We tested the hypothesis that nutritionally stunted children have impaired regulation of energy intake (EI), a factor that could help explain the increased risk of obesity associated with stunting in developing countries. A 3-d residency study was conducted in 56 prepubertal boys and girls aged 8-11 y from the shantytowns of Sao Paulo, Brazil. Twenty-seven of the subjects were stunted and 29 were not stunted; weight-for-height Z-scores were not significantly different between the groups. Parents of the two groups had equivalent heights and body mass indices. Measurements were made of voluntary EI from a self-selection menu, resting energy expenditure (REE) and body composition. In addition, a 753-kJ yogurt supplement was administered at breakfast on one study day (with an equal number of children receiving the supplement on each of the 3 study days) and its effect on daily EI assessed. There was no change in EI over time in either group (P = 0.957), and no significant difference in EI between stunted and nonstunted children, even though the stunted children weighed 10% less. Energy intake per kilogram body weight was significantly higher in the stunted children (278 ± 89 (SD), vs. 333 ± 67 kJ/kg, P < 0.05) and EI/REE was also significantly higher (1.91 ± 0.34 vs. 1.68 ± 0.38, P < 0.05). However, the relationship between EI and body weight was not significantly influenced by stunting (P = 0.12). There was no significant effect of the breakfast supplement on daily EI in either group although the absolute difference in EI between supplement and control days was greater in stunted than in nonstunted children (ΔEI: +460 ± 1574 vs. -103 ± 1916 kJ/d, P = 0.25). These data provide preliminary evidence consistent with the suggestion that stunted children tend to overeat opportunistically, but further studies are required to confirm these results in a larger study.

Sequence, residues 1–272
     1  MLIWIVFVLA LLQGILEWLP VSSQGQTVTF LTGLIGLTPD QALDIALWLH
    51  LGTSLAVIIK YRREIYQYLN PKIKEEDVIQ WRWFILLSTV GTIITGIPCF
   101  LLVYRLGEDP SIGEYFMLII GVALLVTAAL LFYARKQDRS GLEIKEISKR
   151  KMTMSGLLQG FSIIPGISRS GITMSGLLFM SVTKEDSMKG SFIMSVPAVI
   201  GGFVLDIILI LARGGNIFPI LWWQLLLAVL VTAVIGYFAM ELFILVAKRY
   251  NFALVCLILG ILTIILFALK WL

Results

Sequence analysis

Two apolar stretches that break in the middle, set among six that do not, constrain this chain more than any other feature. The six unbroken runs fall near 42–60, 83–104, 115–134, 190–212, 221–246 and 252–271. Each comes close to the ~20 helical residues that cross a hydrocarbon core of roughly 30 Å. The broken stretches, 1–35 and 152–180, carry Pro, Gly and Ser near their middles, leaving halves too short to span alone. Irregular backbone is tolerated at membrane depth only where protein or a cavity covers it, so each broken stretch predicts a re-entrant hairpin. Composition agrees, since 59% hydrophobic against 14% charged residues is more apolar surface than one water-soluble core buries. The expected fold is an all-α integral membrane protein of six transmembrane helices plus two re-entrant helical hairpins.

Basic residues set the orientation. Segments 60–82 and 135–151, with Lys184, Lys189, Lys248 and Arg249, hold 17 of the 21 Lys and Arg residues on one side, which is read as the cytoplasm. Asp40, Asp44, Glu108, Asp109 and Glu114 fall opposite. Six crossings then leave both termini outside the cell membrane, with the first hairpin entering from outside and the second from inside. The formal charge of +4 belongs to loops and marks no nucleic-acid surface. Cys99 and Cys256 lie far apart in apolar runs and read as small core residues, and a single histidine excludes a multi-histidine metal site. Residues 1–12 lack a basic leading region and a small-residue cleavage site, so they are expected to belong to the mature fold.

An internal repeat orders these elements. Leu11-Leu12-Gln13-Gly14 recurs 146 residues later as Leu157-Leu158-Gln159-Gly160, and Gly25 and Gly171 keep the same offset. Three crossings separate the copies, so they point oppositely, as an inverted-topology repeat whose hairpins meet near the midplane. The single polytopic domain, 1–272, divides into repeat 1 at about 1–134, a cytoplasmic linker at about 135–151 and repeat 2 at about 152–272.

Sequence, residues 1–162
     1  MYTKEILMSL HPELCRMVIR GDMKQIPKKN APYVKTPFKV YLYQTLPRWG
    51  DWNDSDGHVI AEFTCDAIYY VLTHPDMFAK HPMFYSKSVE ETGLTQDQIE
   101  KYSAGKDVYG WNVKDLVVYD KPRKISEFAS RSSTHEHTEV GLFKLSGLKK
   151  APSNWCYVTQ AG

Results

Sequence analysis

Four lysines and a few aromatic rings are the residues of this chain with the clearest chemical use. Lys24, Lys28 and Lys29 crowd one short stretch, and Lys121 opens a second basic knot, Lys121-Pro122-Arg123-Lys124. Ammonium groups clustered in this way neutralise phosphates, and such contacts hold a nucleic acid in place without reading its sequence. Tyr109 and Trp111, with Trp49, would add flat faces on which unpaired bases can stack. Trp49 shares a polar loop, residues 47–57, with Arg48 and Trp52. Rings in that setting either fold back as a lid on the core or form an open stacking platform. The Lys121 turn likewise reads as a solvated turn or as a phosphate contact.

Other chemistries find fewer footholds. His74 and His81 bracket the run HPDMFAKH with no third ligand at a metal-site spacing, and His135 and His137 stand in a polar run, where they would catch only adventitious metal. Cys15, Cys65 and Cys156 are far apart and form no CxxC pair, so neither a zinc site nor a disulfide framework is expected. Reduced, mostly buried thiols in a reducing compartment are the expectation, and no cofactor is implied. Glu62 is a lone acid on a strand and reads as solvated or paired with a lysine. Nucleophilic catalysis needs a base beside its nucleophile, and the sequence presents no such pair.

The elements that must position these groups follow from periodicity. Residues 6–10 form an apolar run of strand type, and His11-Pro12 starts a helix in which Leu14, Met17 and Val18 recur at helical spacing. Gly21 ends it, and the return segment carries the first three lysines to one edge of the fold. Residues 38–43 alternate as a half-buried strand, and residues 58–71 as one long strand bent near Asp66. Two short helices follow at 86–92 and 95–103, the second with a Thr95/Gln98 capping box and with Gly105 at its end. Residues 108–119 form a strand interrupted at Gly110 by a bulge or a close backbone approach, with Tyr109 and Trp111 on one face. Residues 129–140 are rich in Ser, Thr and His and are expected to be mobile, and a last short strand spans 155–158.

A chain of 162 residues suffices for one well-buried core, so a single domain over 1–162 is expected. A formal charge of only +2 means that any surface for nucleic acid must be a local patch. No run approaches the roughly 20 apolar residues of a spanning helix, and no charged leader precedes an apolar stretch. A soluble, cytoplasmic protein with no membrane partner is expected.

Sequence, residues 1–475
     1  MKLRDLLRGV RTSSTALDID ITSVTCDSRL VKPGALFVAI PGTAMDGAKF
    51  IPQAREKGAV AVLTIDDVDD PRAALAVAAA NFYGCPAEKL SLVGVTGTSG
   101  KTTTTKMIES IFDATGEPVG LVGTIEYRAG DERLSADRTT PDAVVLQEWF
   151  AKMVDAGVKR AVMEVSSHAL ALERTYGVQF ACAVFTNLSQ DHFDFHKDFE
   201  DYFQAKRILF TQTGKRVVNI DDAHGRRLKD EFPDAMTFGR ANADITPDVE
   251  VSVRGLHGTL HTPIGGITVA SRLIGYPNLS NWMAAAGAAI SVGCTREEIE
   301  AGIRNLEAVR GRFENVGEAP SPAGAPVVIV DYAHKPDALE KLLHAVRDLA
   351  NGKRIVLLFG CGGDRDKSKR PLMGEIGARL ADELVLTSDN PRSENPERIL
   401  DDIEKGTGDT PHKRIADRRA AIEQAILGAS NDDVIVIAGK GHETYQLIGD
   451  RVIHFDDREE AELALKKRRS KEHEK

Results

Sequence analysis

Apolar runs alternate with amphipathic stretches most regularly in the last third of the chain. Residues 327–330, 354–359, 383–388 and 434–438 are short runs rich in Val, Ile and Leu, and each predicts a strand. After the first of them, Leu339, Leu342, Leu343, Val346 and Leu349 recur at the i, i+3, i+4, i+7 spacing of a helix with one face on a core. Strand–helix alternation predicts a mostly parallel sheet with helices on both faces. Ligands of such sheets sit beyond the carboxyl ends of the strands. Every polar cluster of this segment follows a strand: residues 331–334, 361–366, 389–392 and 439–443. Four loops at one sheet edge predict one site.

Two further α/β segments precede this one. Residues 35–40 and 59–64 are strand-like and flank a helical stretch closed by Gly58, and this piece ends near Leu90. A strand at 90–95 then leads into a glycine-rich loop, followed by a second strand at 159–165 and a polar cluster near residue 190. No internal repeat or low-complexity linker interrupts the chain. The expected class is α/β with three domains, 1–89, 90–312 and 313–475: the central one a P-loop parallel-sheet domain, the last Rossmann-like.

All Science Journal Classification (ASJC) codes
- Nutrition and Dietetics
- Medicine (miscellaneous)
- Energy intake